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More Thoughts On Dialogue…Aikido

In the Indian tradition of Anekantavada, the doctrine of non-absolutism, there are three ways to have a dialogue : ‘vaad’ or a discussion, which seeks to understand the opponent’s point of view and explain one’s own in order to reach the truth; ‘vivaad’ or an argument, which seeks to impose one’s own point of view over that of the other; and the third, ‘vitandavaad’, which merely seeks to bulldoze the other person’s views, without really offering any alternative thought.

Truth is universal if not absolute.  Aikido is a martial art founded in the early 1900′s by a Japanese man, Morihei Ueshiba, who wanted to teach a way for people to defend themselves while also protecting their attacker from injury. To control the aggression of an attacker with caring and without inflicting harm.

I am reminded that about 30 years ago, at a mind/body conference, I took part in an Aikido workshop led by George Leonard (for further study read “Education and Ecstasy, The Ultimate Athlete (which deals at length with aikido) and The Silent Pulse.) A 3rd dan Aikikai practitioner, Leonard was a particularly charismatic practitioner and my experience with him would have a profound effect on me for the rest of my life.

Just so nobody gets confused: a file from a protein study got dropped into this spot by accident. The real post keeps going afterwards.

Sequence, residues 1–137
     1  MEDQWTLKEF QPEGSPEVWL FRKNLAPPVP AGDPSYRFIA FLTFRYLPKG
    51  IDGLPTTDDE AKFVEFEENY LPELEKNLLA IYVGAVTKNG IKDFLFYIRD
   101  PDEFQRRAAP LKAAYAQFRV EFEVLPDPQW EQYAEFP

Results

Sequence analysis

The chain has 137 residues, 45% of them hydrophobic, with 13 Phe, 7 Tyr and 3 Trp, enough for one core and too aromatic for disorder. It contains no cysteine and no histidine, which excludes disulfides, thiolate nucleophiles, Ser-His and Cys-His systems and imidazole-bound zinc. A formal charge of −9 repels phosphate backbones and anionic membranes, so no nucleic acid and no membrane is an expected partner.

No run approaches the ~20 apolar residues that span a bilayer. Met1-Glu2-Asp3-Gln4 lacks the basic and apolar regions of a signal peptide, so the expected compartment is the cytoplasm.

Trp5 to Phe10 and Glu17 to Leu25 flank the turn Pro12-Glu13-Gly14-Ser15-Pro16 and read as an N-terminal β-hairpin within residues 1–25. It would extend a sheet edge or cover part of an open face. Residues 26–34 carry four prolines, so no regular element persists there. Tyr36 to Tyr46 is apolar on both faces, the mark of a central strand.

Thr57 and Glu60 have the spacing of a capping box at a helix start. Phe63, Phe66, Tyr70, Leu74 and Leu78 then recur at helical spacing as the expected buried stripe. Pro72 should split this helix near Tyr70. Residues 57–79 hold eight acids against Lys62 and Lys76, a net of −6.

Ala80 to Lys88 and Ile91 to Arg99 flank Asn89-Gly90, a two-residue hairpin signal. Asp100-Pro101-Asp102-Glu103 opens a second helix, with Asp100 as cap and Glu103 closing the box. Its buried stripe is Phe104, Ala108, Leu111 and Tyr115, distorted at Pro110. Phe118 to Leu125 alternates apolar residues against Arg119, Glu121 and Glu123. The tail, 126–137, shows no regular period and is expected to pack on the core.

Wikipedia:  <em>The word “aikido” is formed of three kanji:

* 合 – ai – joining, unifying, harmonizing
* 気 – ki – spirit, life energy
* 道 – dō – way, path

Aikido is often translated as “the Way of unifying (with) life energy”[1] or as “the Way of harmonious spirit.”[2]

Aikido is performed by blending with the motion of the attacker and redirecting the force of the attack rather than opposing it head-on. This requires very little physical energy, as the aikidōka (aikido practitioner) “leads” the attacker’s momentum using entering and turning movements.</em>

and

<em>One applies aiki by understanding the rhythm and intent of the attacker to find the optimal position and timing to apply a counter-technique. Historically, aiki was mastered for the purpose of killing; however in aikido one seeks to control an aggressor without causing harm.[2] The founder of aikido declared: “To control aggression without inflicting injury is the Art of Peace.”[6] A number of aikido practitioners interpret aikido metaphorically, seeing parallels between aikido techniques and other methods for conflict resolution.</em>

Now I don’t propose we all become control freaks and walk around in a defensive posture (which sometimes invites attack) but there was something particularly powerful in being taught this “attitude” using both a mind and body analogy.